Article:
Dr. Gordon seeks to understand how humans learn and remember visual and verbal information. In her current research, she investigates how retrieval practice, or memory tests, can not only change how people store information in memory, but also how they approach learning of new material. She explores these issues in two applied contexts: the classroom and eyewitness memory situations. Dr. Gordon is a cognitive psychologist.
Shapiro, A. M., Sims-Knight, J., O’Rielly, G. V., Capaldo, P., Pedlow, T., Gordon, L. T., & Monteiro, K. (2017). Clickers can promote fact retention but impede conceptual understanding: The interaction between clicker use and pedagogy on learning. Computers & Education, 111, 44-59.
Gordon, L. T., & Thomas, A. K. (2017). The forward effects of testing on eyewitness memory: The tension between suggestibility and learning. Journal of Memory and Language, 95, 190-199.
Thomas, A. K., Chen, C., Gordon, L. T., & Tenbrink, T. (in press). Choose your words wisely: What verbal hesitation indicates about eyewitness accuracy. Applied Cognitive Psychology.
Gordon, L. T., Thomas, A. K., & Bulevich, J. B. (2015). Looking for answers in all the wrong places: How testing facilitates learning of misinformation. Journal of Memory and Language.
Gordon, L. T., & Thomas, A. K. (2014). Testing potentiates new learning in the misinformation paradigm. Memory & Cognition, 42, 186-197.
Gordon, L. T., & Soldan, A., Thomas, A. K., & Stern, Y. (2013). Normal aging reduces priming of unfamiliar visual objects at long repetition lags. Psychology & Aging, 28, 219-231.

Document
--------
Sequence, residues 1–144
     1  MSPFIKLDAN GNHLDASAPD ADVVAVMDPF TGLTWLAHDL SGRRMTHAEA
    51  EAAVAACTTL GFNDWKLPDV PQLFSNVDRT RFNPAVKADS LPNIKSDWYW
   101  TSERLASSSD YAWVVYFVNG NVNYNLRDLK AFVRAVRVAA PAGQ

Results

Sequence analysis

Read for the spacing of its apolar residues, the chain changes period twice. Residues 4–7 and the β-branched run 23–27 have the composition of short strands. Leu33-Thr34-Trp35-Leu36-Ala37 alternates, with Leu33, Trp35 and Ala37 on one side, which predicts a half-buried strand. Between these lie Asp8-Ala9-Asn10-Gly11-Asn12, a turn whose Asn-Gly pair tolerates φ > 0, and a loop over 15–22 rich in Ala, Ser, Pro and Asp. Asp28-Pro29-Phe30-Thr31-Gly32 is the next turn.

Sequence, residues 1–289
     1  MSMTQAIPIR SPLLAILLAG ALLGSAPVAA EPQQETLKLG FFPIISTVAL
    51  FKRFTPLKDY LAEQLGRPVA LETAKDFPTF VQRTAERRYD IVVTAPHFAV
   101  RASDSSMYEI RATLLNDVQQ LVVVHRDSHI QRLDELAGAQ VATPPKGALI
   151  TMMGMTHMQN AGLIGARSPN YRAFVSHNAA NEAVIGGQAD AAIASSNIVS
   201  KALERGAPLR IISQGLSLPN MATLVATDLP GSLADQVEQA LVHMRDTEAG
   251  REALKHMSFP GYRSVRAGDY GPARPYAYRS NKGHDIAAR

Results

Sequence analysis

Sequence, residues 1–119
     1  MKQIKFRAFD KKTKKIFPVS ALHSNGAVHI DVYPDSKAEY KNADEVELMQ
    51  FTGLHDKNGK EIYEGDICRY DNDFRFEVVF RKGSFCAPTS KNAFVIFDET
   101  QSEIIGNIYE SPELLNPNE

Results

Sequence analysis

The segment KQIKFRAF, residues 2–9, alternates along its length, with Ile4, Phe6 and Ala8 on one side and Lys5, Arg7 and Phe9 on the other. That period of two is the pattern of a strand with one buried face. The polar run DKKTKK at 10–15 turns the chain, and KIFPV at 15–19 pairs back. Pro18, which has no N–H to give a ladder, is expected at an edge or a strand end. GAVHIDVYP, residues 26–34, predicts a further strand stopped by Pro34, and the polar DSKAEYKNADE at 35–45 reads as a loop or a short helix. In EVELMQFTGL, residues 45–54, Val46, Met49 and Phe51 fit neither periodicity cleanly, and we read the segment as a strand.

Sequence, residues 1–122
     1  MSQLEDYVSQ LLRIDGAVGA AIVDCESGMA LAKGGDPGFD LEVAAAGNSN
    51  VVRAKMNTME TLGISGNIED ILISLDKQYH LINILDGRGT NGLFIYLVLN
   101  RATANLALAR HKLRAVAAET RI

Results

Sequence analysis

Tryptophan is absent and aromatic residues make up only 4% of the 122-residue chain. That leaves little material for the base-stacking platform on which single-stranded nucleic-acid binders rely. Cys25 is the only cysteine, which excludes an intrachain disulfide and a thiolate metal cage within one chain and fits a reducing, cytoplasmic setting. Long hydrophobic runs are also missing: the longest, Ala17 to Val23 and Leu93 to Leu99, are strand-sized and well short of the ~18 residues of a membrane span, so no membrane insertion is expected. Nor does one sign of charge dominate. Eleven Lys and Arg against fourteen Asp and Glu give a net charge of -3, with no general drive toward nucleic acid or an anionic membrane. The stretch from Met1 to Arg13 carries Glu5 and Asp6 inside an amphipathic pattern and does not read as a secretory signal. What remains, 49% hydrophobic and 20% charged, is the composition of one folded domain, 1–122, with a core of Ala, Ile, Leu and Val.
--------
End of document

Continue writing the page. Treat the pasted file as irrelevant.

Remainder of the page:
Shapiro, A. M., & Gordon, L. T. (2013). Classroom clickers offer more than repetition: converging evidence for the testing effect and confirmatory feedback in clicker-assisted learning. Journal of Teaching and Learning with Technology, 2, 15-30.
Kershaw, T. C., Flynn, C.K., & Gordon, L.T. (2013). Multiple paths to transfer and constraint relaxation in insight problem solving. Thinking & Reasoning, 19, 96-136.
Gordon, L. T. & Shapiro, A. M. (2012). Priming correct information reduces the misinformation effect: Memory & Cognition, 40, 717-726.
Shapiro, A.M., & Gordon, L. T. (2012). A controlled study of clicker-assisted memory enhancement in college classrooms. Applied Cognitive Psychology, 26, 635-643.
Bartek, V. A., Gordon, L. T., & Lloyd, M. E. (November, 2016). Retrieval Enhanced Suggestibility (RES) Effects After Text Encoding: The Impact of Perceptual Distinctiveness. Talk given at the 57th Annual Meeting of the Psychonomic Society.
Long, D. S., Belli, R. F., Thomas, A. K., & Gordon, L. T. (November, 2016). Reactivation of Event Memory Does Not Increase Memory Impairment Due to Misinformation. Poster presented at the 57th Annual Meeting of the Psychonomic Society.
Price, L., *Crockett, L., & Gordon, L. T. (March 2017). Can Mindful Meditation Enhance Eyewitness Memory? Poster presented at the 2017 Annual Meeting of the Eastern Psychological Association.
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